San Diego, Mammoth Lakes, Anywhere...

TIME OUT FOR BURNOUT

Our fatigue is often caused not by work, but by worry,
frustration and resentment.  ~ Dale Carnegie

Burnout, we all suffer from it.  Somewhere along our journey we come to a place in our career or life where we are completely drained, both physically and emotionally. Often when we refer to burnout our stress level has reached a pinnacle, we can no longer see the forest through the trees, we have lost sight of the big picture, we are running on steam. We may not realize that we have become reliant on band-aid remedies such as stimulants, drugs, and other unhealthy behaviors to keep the momentum going. It’s as if we are fighting for our very survival. If we do not take preventive measures, the contributing factors will lead to burnout, wreaking havoc on our health, happiness, relationships, judgment and job performance.

Burnout has become part of the colloquial, it wraps up in one word the sense of feeling overloaded, overextended, undervalued/ underpaid, stressed by circumstances in which we seemingly have little control. It often feels like all coping mechanisms seem to have been temporarily shut-off, and, essentially, “we’ve have had it.”  Some may feel like they are working all the time but nothing ever seems to get done, tasks are piling up, breaks are saved for the weekends, and self-care/ ignoring personal needs seems to have gone out the window.

Coincidentally, the week before giving a presentation on Burnout for the Mammoth Lakes Chamber of Commerce, I found several of my clients, colleagues and friends feeling burned out, run down; their tank was empty. When burnout truly hits, the demands of the job surpasses our ability to cope with the stress. Stress is an epidemic. The American Institute of Stress states that job stress is our number one health problem, and estimates that stress costs U.S. industry more than $300 billion a year in absenteeism, turnover, diminished productivity and medical legal and insurance costs. Each of these individuals is highly committed to what he or she does. At the same time, each was triggered into a reactionary state by his or he own feelings of powerlessness regarding circumstances that seemed beyond their control.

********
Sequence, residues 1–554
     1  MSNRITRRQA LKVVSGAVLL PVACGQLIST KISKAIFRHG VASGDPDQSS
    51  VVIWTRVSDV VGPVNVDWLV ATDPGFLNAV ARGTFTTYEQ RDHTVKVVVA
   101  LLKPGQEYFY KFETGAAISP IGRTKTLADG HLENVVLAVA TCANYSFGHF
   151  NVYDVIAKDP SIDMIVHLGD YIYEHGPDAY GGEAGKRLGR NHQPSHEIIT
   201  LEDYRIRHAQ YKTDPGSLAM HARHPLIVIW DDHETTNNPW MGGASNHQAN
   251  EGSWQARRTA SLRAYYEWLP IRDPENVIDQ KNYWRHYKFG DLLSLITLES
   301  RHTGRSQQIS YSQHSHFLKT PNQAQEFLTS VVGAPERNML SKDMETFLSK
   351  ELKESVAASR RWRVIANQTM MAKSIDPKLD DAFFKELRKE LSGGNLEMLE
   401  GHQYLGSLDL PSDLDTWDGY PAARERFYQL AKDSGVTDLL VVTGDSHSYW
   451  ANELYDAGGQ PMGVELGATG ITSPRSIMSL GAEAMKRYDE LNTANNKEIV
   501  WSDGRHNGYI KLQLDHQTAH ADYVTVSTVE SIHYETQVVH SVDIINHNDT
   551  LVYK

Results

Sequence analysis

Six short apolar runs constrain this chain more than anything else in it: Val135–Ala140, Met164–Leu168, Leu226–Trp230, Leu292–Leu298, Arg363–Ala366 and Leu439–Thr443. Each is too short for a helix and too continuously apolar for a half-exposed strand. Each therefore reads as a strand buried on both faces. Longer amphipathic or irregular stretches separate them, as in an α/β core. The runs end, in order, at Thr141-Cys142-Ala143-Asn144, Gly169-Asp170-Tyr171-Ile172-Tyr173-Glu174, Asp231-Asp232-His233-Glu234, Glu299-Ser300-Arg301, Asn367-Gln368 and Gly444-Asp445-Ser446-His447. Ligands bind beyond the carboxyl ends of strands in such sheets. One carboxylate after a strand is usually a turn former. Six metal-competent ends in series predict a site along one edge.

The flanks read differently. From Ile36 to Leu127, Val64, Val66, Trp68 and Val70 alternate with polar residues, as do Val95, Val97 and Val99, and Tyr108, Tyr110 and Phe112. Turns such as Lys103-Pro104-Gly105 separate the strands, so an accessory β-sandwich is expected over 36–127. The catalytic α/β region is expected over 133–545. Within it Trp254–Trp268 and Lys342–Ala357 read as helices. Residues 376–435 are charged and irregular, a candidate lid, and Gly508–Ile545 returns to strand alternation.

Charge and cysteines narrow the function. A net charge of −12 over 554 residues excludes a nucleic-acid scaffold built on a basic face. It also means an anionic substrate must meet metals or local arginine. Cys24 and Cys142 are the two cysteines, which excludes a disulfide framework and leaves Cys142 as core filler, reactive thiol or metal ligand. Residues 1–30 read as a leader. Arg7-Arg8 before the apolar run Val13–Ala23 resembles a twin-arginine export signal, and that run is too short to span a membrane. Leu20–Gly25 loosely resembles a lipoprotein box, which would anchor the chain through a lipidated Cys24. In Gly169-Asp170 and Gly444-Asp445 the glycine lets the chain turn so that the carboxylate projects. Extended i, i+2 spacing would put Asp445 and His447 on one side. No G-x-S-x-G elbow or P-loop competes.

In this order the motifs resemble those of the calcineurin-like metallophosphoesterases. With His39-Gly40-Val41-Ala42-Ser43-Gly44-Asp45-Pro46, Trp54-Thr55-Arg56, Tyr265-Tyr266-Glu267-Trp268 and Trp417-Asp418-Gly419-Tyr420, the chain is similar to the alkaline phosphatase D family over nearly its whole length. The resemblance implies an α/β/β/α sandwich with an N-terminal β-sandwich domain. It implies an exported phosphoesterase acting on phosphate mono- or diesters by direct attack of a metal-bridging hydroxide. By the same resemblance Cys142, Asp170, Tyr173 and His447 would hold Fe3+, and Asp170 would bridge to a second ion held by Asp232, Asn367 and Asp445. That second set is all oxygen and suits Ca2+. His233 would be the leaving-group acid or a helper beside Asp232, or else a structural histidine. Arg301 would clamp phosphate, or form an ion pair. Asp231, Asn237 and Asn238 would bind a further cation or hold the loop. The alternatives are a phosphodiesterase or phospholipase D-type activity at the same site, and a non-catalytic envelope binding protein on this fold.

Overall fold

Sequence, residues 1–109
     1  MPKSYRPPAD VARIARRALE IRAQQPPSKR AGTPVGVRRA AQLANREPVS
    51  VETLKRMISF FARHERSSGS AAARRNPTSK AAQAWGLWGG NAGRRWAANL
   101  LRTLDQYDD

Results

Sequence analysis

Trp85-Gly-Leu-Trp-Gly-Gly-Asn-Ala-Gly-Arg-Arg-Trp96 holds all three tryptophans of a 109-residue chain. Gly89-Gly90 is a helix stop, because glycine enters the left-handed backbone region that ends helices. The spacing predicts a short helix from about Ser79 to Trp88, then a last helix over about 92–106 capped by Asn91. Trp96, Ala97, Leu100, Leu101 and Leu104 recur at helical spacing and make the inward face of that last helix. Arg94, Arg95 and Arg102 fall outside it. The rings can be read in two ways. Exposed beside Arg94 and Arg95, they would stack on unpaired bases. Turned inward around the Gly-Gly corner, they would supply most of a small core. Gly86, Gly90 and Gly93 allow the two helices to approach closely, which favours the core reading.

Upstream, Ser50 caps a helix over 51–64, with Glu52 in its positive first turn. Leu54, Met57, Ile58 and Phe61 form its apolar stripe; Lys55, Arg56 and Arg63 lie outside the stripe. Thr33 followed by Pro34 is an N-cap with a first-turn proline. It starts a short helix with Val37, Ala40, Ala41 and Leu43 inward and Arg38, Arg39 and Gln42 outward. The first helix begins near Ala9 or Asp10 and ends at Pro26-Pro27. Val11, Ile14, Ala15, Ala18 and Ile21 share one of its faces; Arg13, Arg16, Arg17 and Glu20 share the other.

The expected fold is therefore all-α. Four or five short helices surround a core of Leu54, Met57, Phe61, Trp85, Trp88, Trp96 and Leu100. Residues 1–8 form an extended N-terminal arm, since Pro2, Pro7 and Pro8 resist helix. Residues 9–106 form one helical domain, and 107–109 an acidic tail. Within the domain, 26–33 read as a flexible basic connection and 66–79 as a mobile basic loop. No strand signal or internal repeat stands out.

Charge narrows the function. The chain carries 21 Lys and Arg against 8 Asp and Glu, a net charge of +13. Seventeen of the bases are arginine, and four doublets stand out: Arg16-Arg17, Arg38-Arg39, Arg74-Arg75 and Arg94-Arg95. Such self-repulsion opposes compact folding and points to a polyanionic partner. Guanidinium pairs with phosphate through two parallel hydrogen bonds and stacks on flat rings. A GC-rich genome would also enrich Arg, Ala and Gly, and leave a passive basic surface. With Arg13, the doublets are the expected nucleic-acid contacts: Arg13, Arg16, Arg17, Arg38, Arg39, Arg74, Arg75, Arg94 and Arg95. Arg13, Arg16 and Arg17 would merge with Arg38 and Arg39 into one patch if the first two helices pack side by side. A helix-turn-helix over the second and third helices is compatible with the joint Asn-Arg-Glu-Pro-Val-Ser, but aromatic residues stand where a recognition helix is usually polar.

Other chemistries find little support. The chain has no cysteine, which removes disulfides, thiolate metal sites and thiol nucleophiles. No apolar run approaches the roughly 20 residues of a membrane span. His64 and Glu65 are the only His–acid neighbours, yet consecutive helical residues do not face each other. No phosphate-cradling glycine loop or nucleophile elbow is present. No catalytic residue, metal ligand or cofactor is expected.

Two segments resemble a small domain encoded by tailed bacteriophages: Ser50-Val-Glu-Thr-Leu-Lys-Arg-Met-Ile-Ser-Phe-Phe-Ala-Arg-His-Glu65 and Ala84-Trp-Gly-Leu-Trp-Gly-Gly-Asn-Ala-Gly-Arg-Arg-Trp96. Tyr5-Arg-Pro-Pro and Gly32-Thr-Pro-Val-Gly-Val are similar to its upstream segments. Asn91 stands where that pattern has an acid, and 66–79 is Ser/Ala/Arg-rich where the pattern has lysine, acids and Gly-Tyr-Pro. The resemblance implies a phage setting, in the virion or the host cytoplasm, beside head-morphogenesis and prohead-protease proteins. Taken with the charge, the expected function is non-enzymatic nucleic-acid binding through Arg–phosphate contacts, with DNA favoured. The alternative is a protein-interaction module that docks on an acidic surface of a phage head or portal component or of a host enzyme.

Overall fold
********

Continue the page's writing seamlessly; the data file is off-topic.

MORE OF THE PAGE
One client had worked 12 days in a row, including President’s Day, right after returning from a four-day conference in a different time zone, and wished her company would have provided a comp day or two in-between to reenergize.

Another client, was perplexed at how both a manager and an assistant manager were on vacation during a very busy time, when most of the team was already working overtime, and resentful why he had to fill the gap due to poor planning, short sightedness and limited resources.

And then there was a rising young star taking on a new and prestigious role, in addition to the one he already is doing, and feeling that the pay does not commensurate with the number of hours the job demands, the lack of resources available to sustain a work-life balance and the lack of quality life of life his income can buy. He is teetering on feeling overworked, underpaid, and could easily end up hopping to a new position somewhere else as result of his frustration.